self.registry.append(function)

def __call__(self, *args, **kwargs):
"""Call the first matching registered
function with the given call parameters."""

# Get the first function which can handle the given arguments
function = self.lookup(args=args, kwargs=kwargs)

# If no function can be found, raise an exception
if not function:
"Failed to find matching function for given arguments: "
"args={}, kwargs={}".format(args, kwargs)
)

# Evaluate the function and return the result
return function(*args, **kwargs)

"""A controller object which organizes OverloadedFunction by name."""

def __init__(self):

self.registry = dict()

def register(self, function):
"""Add a new function to the controller."""

# Create a new OverloadedFunction for this
# function name if one does not # already exists
if function.__qualname__ not in self.registry.keys():

self.registry[function.__qualname__].register(function)

"""Decorator for registering a new function with

# Register the new function with the controller
self.register(function)

# Handle the case of unbound functions
if isfunction(function):
def function_wrapper(*args, **kwargs):
_function = self.registry[function.__qualname__]
return _function(*args, **kwargs)
return function_wrapper

# Handle the case of bound functions
if ismethod(function):
def method_wrapper(_self, *args, **kwargs):
_function = self.registry[function.__qualname__]
return _function(self=_self, *args, **kwargs)
return method_wrapper


## Example

I wrote a short example script to test out the module. Here is the script:

#!/usr/bin/env python3
# coding: ascii

Simple tests of the overload.py module.
"""

# Instantiate a controller object

# Define several function with the same name "f"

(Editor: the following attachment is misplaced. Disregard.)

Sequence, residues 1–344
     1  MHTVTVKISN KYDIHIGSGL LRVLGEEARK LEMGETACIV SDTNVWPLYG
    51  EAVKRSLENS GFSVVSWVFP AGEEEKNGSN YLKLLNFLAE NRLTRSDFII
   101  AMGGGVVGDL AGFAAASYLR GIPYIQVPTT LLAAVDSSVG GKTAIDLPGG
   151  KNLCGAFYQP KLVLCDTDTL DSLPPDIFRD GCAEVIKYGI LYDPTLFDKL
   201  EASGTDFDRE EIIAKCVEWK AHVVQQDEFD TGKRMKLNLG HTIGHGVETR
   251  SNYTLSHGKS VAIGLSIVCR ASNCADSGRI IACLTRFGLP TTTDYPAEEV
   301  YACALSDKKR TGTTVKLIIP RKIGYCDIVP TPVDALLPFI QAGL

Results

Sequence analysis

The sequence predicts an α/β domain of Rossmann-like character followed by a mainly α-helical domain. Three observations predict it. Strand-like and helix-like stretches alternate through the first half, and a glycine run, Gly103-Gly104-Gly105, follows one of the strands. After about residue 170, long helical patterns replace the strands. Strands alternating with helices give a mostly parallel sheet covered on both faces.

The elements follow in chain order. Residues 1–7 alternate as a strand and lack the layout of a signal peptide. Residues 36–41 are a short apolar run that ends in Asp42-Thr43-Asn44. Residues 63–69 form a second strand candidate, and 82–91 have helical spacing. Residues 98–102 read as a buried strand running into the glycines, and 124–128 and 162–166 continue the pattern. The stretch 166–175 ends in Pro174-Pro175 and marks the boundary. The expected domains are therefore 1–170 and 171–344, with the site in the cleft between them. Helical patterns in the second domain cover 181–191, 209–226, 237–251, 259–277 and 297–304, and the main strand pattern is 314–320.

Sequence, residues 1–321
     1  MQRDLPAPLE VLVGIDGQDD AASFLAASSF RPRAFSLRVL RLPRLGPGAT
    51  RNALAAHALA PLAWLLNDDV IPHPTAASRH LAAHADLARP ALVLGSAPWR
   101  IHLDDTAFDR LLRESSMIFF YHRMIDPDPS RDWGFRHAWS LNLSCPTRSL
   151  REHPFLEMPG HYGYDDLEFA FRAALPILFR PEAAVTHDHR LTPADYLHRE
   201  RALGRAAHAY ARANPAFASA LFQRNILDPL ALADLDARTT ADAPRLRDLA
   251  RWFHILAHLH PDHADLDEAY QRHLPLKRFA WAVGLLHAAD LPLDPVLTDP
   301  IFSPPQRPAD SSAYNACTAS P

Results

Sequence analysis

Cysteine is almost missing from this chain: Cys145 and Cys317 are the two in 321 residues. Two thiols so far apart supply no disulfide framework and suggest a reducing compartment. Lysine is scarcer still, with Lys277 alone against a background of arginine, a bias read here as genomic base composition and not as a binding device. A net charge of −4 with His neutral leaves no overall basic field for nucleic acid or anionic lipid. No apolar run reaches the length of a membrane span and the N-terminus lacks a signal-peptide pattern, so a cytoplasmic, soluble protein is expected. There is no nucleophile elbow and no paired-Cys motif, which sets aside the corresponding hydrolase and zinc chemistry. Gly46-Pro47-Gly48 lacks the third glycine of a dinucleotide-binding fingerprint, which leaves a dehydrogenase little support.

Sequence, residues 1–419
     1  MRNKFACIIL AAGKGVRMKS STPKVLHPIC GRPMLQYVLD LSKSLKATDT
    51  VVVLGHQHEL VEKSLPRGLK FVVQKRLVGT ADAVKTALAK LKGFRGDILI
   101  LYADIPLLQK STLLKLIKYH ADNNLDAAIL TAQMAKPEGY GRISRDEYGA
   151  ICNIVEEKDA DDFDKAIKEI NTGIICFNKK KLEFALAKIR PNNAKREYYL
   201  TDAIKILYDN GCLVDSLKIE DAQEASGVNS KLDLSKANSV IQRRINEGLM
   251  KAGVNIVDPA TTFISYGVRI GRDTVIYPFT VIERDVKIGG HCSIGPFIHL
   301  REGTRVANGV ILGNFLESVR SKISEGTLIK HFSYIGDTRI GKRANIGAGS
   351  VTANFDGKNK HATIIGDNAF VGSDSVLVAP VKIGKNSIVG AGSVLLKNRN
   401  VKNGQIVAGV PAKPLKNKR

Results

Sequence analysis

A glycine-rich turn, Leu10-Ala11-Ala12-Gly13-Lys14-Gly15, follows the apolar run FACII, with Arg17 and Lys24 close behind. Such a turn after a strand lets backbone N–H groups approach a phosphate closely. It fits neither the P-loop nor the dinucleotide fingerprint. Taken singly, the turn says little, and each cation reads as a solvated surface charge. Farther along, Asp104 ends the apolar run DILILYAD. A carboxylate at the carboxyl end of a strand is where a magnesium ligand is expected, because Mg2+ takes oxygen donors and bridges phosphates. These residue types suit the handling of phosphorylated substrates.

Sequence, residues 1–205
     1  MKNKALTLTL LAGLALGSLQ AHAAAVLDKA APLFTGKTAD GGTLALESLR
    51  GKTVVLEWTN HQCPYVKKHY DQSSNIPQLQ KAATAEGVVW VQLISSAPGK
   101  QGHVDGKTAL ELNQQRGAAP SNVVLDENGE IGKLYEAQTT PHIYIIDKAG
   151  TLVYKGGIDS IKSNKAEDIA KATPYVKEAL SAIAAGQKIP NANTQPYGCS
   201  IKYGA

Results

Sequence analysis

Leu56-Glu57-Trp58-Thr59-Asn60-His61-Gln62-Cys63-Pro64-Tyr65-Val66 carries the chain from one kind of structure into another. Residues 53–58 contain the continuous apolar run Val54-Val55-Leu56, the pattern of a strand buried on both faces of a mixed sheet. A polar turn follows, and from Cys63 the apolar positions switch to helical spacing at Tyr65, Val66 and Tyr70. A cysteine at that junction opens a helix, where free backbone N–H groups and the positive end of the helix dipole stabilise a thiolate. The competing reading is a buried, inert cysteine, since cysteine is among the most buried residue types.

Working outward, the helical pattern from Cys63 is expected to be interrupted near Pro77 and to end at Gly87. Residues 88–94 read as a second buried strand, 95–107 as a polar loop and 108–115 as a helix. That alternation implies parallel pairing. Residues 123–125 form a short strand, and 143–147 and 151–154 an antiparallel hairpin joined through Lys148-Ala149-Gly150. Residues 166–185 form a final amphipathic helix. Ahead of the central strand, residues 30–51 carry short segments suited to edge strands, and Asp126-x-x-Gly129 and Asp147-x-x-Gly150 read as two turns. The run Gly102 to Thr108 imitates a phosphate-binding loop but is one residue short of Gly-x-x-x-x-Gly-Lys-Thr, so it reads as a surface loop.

def f():
return "called: def f()"

def f(x):
return "called: def f(x) with x={}".format(x)

def f(y):
return "called: def f(y) with y={}".format(y)

def f(*args, **kwargs):
return "called: def f(*args, **kwargs) with args={}, kwargs={}".format(args, kwargs)

# Call the overloaded function "f" and print the results
print(f())
print(f(1))
print(f(x=2))
print(f(y=3))
print(f(1, 2, 3, x=4, y=5, z=6))

# Define a class with overloaded methods
class MyClass(object):

def g(self, x=1):
return "called: def MyClass.g(x) with x={}".format(x)

def g(self, x=1, y=2):
return "called: def MyClass.g(x, y) with x={}, y={}".format(x, y)

# Instantiate an object
myobject = MyClass()

print(myobject.g())
print(myobject.g(1, 2))


When I run the test_overload.py script I get the following output:

called: def f()
called: def f(x) with x=1
called: def f(x) with x=2
called: def f(y) with y=3
called: def f(*args, **kwargs) with args=(1, 2, 3), kwargs={'x': 4, 'y': 5, 'z': 6}
called: def MyClass.g(x) with x=1
called: def MyClass.g(x, y) with x=1, y=2


• Are you aware that this is already in the standard library since Python 3.4? It is called functools.singledispatch. – Graipher Aug 26 '18 at 6:25
• @Graipher Actually, if I correctly understand what I'm reading, the functools.singledispatch is slightly different than what I was shooting for here. It only performs dispatching based on the type of a single argument. – igal Aug 26 '18 at 12:37